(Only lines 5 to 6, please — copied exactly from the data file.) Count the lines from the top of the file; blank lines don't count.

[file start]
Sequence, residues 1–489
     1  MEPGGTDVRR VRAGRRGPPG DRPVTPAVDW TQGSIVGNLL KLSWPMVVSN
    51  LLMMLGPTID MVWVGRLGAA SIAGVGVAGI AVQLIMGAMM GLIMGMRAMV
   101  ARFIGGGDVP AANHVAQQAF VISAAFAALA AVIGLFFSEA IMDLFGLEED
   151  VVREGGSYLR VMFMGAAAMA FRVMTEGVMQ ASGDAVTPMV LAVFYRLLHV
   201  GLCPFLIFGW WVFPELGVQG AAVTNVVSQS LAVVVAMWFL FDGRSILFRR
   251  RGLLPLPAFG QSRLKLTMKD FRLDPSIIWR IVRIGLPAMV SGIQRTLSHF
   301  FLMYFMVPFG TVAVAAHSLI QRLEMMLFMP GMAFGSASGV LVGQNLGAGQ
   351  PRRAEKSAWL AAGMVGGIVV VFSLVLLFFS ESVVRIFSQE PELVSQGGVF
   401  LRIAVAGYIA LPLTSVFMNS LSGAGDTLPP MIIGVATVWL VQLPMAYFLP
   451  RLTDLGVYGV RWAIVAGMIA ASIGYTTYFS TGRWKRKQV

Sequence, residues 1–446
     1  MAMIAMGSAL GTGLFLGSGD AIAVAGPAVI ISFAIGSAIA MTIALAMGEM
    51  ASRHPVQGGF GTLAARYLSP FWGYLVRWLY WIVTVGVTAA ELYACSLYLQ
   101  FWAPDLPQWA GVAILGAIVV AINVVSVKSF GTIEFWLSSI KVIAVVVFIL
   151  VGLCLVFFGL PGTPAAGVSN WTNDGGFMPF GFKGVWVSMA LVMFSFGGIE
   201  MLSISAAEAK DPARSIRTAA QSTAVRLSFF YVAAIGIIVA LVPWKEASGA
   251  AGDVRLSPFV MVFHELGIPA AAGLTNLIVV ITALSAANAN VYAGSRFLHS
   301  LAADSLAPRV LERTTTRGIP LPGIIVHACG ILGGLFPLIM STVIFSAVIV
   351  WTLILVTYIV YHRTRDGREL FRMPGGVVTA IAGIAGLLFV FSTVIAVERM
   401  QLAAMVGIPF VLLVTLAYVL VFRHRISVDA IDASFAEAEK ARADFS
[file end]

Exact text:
   151  VVREGGSYLR VMFMGAAAMA FRVMTEGVMQ ASGDAVTPMV LAVFYRLLHV
   201  GLCPFLIFGW WVFPELGVQG AAVTNVVSQS LAVVVAMWFL FDGRSILFRR